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Thoughts from Claire Letourneau
Each fall, we encourage everyone to get a flu vaccination. Each fall, we hear, “I don’t need a flu shot, I never get sick.” And each fall, I cringe! I cringe because I’m frustrated that people don’t understand the importance of community wellness – doing something that you may not want to do, for the good of the community. Unfortunately, the world is learning about community wellness through the coronavirus pandemic and the fatal consequences of ignoring it.
What most people don’t comprehend is that the flu is deadly as well. Let’s talk numbers for the skeptics among us. During the 2018-2019 season, the Centers for Disease Control and Prevention (CDC) estimates that 35 million people were sick with influenza, there were 490,600 hospitalizations and 34,200 deaths related to influenza (not coronavirus). Who’s most impacted by the flu: those over 65 years of age, children, pregnant women, and those with asthma, HIV, AIDS, diabetes, and cancer. Does this list sound familiar? It should by now, given it’s very similar to the list of those at risk for serious complications from coronavirus. Yet, unlike coronavirus, which is new and does not have known treatments or a vaccination, the flu has a vaccination created to combat four different strains of the virus. We, as a community, can help to prevent the spread of influenza by taking 15 minutes out of our day to get a vaccination – however, less than 50% of Americans get the flu shot!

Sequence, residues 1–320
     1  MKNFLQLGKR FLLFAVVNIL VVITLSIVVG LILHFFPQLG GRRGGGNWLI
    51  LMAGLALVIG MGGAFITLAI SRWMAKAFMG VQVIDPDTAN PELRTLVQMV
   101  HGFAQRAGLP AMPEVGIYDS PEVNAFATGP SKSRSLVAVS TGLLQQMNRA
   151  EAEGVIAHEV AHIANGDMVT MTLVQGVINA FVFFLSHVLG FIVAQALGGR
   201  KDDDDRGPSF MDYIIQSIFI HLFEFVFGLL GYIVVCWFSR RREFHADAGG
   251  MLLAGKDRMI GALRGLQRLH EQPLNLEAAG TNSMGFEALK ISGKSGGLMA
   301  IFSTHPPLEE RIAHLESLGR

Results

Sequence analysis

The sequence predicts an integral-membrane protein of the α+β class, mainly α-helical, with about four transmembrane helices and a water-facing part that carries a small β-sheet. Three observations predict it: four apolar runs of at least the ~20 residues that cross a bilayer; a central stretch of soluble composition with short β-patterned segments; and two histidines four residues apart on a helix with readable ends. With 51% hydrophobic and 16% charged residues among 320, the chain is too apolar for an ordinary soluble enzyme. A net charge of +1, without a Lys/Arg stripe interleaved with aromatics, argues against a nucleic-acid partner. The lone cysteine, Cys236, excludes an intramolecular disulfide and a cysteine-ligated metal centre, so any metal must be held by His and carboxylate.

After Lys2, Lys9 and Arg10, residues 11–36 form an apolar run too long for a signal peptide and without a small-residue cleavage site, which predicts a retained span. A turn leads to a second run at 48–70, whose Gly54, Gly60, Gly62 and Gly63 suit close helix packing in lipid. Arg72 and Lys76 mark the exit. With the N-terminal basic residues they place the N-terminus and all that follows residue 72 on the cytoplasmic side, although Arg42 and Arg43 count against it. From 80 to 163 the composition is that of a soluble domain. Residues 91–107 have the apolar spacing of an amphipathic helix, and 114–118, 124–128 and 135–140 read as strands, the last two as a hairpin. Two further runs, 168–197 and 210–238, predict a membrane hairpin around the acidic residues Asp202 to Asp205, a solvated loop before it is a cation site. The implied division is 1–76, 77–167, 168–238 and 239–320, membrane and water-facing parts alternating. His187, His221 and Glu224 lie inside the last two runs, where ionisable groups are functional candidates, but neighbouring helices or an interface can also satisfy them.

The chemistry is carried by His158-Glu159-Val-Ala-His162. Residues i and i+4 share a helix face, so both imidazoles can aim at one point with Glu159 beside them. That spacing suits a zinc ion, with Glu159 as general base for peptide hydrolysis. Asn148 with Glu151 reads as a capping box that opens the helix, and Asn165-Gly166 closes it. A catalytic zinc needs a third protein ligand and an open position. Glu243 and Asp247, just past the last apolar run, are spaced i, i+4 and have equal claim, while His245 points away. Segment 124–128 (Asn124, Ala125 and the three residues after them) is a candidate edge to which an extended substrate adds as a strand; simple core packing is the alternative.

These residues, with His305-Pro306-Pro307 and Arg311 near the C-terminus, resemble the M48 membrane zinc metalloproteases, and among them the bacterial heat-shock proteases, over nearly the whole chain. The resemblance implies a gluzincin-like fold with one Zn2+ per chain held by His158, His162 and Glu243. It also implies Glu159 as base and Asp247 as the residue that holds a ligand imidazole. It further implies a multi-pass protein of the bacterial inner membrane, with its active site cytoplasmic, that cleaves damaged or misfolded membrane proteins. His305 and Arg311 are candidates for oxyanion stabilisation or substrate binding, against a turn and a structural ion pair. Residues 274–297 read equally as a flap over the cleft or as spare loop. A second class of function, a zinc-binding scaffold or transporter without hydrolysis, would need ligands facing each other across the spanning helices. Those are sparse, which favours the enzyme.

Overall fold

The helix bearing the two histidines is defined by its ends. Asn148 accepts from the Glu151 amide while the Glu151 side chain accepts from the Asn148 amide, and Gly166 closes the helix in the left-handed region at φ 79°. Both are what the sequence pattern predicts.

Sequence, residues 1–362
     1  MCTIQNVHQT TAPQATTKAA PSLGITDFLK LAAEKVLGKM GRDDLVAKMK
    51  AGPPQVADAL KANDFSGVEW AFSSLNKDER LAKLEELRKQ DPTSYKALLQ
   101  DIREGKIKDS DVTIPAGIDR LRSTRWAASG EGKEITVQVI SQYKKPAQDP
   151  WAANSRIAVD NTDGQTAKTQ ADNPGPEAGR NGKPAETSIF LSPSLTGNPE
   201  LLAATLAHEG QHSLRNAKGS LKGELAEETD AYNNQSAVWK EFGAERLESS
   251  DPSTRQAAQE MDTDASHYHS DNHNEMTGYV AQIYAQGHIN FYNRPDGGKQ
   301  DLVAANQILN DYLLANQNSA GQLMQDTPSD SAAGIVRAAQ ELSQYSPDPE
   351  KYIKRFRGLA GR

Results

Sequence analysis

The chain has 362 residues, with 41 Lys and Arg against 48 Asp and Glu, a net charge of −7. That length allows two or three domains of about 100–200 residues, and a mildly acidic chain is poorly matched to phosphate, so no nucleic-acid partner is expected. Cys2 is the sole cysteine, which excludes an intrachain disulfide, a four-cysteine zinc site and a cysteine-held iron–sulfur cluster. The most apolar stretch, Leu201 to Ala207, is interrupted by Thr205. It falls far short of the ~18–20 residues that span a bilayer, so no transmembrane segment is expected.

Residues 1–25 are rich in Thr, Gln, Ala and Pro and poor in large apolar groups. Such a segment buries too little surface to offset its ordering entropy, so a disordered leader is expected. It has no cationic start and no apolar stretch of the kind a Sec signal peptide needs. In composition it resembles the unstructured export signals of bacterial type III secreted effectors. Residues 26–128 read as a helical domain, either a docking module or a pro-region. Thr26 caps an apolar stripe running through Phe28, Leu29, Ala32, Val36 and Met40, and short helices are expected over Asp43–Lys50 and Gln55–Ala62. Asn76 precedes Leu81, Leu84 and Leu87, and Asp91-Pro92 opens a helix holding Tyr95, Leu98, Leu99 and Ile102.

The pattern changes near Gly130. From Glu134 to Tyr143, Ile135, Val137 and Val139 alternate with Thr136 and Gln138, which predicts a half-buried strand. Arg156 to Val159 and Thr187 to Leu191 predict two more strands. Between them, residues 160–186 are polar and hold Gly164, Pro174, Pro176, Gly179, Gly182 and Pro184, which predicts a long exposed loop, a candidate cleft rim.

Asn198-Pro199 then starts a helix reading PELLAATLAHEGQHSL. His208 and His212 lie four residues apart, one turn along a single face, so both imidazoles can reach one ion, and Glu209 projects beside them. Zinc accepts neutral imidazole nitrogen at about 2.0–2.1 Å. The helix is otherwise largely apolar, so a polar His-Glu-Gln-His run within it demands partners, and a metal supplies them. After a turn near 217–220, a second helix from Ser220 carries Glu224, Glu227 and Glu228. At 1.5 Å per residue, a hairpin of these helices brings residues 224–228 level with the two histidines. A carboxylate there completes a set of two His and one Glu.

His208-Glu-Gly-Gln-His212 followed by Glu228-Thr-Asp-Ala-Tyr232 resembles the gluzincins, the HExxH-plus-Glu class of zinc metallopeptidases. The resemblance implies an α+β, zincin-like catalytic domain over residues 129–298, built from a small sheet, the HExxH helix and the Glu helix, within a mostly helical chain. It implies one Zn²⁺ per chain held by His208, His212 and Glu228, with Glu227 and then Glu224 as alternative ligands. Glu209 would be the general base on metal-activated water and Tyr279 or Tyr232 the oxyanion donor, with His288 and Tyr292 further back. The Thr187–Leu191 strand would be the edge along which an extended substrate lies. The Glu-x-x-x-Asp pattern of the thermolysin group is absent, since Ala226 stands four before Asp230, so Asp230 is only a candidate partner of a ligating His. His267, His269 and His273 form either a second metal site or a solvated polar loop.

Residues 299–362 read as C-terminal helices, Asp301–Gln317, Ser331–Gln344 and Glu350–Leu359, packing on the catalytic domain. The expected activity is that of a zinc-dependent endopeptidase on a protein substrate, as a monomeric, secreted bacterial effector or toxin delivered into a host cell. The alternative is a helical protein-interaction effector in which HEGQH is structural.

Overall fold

Through coronavirus the world is now learning how community wellness can save lives – we’re receiving daily, almost hourly reminders of how to prevent the spread of the illness and the damage not adhering can do. My sincere hope is that, once the pandemic subsides and the news cycle turns to the economy and the election, we all take a minute to absorb the lesson that we’re all in this together and to protect those most at-risk among us, we need to get vaccinations. I fear that when we schedule vaccination clinics in future years people will choose only the coronavirus vaccine and not the influenza vaccine. Only time will tell.
For now, please help employees know how to keep themselves, their loved ones, and strangers safe during the pandemic – by sheltering in place, social distancing, hand washing, and covering coughs or sneezes. My colleague, Craig Schmidt, recently wrote about dispelling misinformation and panic related to coronavirus. Keep an eye out for more credible guidance and insights in the continuing series of coronavirus blogs from the EPIC Wellness & Health Management practice. EPIC also has a dedicated coronavirus webpage with links to additional employer resources for employee benefits and risk management. Stay well everyone!